I enjoy some of the blog posts from Farnam Street but I was rather disappointed to see a blog post on "active mindset" entitled Yes, It’s All Your Fault: Active vs. Passive Mindsets.
The broader point, I think, stands: a failure to take responsibility for mishaps and circumstances, a failure to examine whether things could have been different, can lead to feeling out of control and helpless. The unspoken instruction is to take responsibility for your part in things, to cultivate an active mindset in the language you use about your day-to-day life, in order to learn from your mistakes, and presumably experience feelings of control and efficacy.
But, well. It really isn't my fault that my parents split up when I was very young, and that has had repercussions throughout my life. It really isn't my fault that the current political situation in the country in which I live is, er, a trashfire. Nor is it, in any sense, my "fault" that I was born into a situation where I received a good primary and secondary education, such that going to university was not thought of as unusual, despite this not being the case for millions of other people; it is not my "fault" that I am white and therefore have many privileges, or that I grew up with shoes that fit.
There are (at least) two ways that assuming bad things are your fault can go wrong, and neither of them are very helpful. One is where we try to take responsibility for things that are simply due to bad circumstances by chance. Taking responsibility for a train being late or missing is reasonable; blaming oneself for being late when a bad storm takes out the entire transport network for an entire day is less so. There are usually efficiency tradeoffs to be made when planning journeys: should I go up to Aberdeen a day early, spend money on an extra night in a hotel, in order to ensure that train problems won't interfere with my studies? This is the option I usually take; but it looks very different if I have to miss some paid work in order to do it. The longer the journey, the more things can go wrong and the more likely I will want some downtime to recover at the other end.
The second failure mode, and I think the more dangerous of the two I discuss here, is assuming the actions of bad actors to be your fault. This is very common with victims of domestic abuse, who may come to believe that their abuser is only lashing out at them because of their own inadequacies or failure to perform certain actions; that if they just try hard enough to be a better spouse or child or partner, the abuse will stop. In fact what will stop the abuse is leaving.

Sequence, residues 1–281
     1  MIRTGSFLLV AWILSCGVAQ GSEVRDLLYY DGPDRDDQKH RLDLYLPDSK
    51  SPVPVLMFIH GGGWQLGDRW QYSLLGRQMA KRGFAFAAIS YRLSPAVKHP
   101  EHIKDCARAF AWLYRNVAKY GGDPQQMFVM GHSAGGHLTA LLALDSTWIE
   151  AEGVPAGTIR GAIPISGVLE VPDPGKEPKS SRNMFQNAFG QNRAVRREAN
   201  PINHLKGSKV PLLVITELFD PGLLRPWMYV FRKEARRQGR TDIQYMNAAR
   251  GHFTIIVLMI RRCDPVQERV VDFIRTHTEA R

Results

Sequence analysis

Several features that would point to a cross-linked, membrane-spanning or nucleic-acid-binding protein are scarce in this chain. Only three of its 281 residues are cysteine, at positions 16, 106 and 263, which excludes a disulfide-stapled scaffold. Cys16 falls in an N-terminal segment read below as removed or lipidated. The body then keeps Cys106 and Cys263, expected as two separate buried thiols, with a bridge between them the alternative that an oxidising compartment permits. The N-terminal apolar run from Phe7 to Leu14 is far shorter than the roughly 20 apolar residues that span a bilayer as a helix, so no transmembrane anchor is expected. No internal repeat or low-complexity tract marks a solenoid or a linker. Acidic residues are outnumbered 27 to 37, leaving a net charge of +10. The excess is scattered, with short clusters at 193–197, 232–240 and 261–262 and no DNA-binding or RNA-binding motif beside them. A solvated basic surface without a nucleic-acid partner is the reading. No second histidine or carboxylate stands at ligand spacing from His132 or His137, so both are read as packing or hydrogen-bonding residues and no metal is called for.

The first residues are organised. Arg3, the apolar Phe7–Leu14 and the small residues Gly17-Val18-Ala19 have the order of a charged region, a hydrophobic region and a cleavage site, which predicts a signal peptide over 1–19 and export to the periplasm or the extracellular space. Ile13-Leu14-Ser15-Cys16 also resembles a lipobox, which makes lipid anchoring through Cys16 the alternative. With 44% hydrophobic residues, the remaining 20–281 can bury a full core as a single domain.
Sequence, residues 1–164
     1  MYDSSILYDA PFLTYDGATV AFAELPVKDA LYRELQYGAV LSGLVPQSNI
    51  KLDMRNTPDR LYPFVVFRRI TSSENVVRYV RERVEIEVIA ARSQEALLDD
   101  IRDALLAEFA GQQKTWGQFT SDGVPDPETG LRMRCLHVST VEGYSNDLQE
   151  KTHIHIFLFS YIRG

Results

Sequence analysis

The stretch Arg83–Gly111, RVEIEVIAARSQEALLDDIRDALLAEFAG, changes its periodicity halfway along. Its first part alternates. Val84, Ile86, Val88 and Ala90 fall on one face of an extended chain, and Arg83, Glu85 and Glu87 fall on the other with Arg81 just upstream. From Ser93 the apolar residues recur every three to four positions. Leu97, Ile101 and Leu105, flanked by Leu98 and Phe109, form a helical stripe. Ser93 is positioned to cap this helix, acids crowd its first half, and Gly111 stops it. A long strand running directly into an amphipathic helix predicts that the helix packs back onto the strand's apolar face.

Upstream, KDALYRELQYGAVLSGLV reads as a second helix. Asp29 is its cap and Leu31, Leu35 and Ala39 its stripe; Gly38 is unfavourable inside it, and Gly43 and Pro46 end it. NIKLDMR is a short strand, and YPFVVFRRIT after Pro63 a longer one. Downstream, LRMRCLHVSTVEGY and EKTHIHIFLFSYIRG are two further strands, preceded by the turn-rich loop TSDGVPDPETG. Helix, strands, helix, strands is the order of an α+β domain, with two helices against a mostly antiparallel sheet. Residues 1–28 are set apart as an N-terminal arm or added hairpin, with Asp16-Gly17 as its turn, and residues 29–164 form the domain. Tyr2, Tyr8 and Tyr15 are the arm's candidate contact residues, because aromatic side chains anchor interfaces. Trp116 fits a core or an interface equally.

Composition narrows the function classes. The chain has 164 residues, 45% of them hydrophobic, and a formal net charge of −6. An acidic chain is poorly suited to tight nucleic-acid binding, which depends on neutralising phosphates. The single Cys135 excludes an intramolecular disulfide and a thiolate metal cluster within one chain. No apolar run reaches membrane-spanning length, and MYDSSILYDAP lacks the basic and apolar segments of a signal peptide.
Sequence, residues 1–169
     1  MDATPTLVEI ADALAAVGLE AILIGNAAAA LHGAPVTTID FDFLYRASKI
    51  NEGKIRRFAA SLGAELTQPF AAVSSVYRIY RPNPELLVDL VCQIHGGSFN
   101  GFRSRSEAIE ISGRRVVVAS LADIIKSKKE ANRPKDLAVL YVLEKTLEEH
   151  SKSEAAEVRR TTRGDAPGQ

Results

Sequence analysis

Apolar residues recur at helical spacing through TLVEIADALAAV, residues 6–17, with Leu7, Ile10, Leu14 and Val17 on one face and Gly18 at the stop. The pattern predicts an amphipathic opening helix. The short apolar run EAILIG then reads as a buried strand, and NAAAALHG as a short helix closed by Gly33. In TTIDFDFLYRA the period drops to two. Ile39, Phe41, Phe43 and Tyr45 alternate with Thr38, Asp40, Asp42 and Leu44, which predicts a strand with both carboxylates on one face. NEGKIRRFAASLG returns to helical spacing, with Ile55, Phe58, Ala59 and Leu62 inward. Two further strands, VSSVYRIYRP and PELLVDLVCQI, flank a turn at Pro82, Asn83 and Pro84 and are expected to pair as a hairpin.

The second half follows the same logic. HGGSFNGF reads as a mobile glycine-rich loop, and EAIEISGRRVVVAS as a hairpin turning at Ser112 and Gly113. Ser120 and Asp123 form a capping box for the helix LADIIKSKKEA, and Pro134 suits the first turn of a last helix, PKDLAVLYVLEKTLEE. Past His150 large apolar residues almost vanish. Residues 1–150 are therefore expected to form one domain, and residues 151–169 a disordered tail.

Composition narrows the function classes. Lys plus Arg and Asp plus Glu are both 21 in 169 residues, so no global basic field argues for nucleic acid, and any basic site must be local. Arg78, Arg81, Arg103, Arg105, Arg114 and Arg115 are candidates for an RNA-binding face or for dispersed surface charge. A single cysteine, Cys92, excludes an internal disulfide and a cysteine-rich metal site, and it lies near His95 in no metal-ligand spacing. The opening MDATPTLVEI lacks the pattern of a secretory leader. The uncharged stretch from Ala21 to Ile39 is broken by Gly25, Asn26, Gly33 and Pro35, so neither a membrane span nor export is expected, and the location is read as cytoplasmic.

Similarly, believing that all or most the good things that happen to you are your own doing can also cause problems. I live in a major city and I don't get huge amounts of street harassment, despite walking around on my own a lot. Is this because I'm doing something right in the way I walk? Or is it because I'm six feet tall and people think twice about giving me any trouble? The latter seems more likely -- and this is nothing that I have chosen. Similarly, I don't often run up against anti-migrant prejudice, despite being a migrant. This isn't because I have integrated particularly well into British society: rather, it is because I already speak English very fluently (I did not choose my first tongue), and probably also because I am white. Let's be honest, here: the playing field isn't level. That's wrong, and it also isn't entirely my fault, but pretending that I have the same resources as a homeless woman of colour who isn't fluent in English is simply preposterous; such pretense would definitely make me part of the problem.
And just as it is dangerous to discount the actions of bad actors in your own misfortune, it is ungrateful to look at your own success without acknowledging the help you may have received along the way. I am a musician not just because of innate talent (I come from a family with musicians on both sides), and not just because of my own hard work, but also because of the patience of many, many teachers and mentors over the years, not to mention the support of friends and family at various times.
Rather than basking in success as if it's only your own doing, or beating yourself up verbally because a train was late or you made a mistake, I would suggest that a healthy active mindset would mean asking yourself: Is there anything I would do differently next time?
This lets you learn from your mistakes, get better at navigating random things that just go wrong, and increase your skill at dealing with bad actors. And it doesn't leave you thinking you're doing something right when you just chanced to be in the right place at the right time, or judging people less fortunate than yourself for not attaining the success that you have.